Get to the park early or the bicycles that you can rent will run out. Very affordable.
Much of the interior path is not paved, which is good for some realism, but you will certainly not feel like you are riding on a cloud by the end of the day. Still beats walking I think. Besides, how often do we get to travel by bicycle anyway!
The Keoladeo Ghana national park is open from 6:30am to 5:30pm but the most lively time to see the park is if you break the rules a bit. Around sunset, when you should be outside the park, is when the birds and animals come out to play in full force. You might get to see more in the last one hour than you did all day. Especially deers. It is like these gentle big-eyed pups have taken over the entire park. I have never seen so many deers out in the open at one place before! The photos will prove my point.
It is a long ride back to the exit, so don't get carried away like someone did =P
Birds and birding are the main nature draw at Keoladeo National Park. But, as I mentioned in an earlier tip concerning mammals and reptiles, there are other living beauties to enjoy on your park visit.
My daughter is a huge butterfly fan. She has a zillion butterfly t-shirts, she has a butterfly garden at home here in Florida, and her motto is literally, "I have a thing for wings". One of her favorite things we've ever done on vacation is to visit the Key West Butterfly House in south Florida.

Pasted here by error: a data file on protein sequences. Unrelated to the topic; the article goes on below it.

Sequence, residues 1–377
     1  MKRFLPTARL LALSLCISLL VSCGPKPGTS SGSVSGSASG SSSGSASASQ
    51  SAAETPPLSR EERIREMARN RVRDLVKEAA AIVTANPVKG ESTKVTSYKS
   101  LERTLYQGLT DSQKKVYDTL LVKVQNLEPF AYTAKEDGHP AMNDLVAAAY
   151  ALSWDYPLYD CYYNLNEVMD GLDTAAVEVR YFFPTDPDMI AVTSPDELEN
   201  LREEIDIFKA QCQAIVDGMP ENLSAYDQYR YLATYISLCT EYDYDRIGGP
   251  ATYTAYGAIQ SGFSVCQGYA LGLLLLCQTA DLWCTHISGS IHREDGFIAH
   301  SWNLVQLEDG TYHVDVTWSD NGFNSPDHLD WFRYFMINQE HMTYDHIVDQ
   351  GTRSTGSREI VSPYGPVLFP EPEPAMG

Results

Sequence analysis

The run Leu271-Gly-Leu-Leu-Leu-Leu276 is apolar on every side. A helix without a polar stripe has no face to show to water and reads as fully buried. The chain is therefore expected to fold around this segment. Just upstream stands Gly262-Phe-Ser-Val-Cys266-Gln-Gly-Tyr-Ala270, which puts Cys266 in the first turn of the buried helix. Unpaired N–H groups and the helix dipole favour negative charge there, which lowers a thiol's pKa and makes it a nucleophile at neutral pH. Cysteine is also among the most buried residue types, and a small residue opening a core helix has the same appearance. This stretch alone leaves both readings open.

So, the occasional exotic and different (to us, anyone) butterfly that frittered across our pathway always coaxed ooohs and ahhhhs from my daughter Sara. As you'd guess, I did snap a few photos and with Sara's help, I'll present and name them for you here.
When one is discussing Keoladeo National Park, it's easy to focus on the birds, the mammals, the reptiles... it is, after all, one of the world's great nature preserves. But, don't forget to just take in the gorgeous scenery, the intensity and peace of the wilderness itself. And, if you're into photography (as I am), this is a great place for incredible landscapes.
So, find the sun, frame your shots, and use my "secret weapon".... a slight underexposure for highlights and extra color.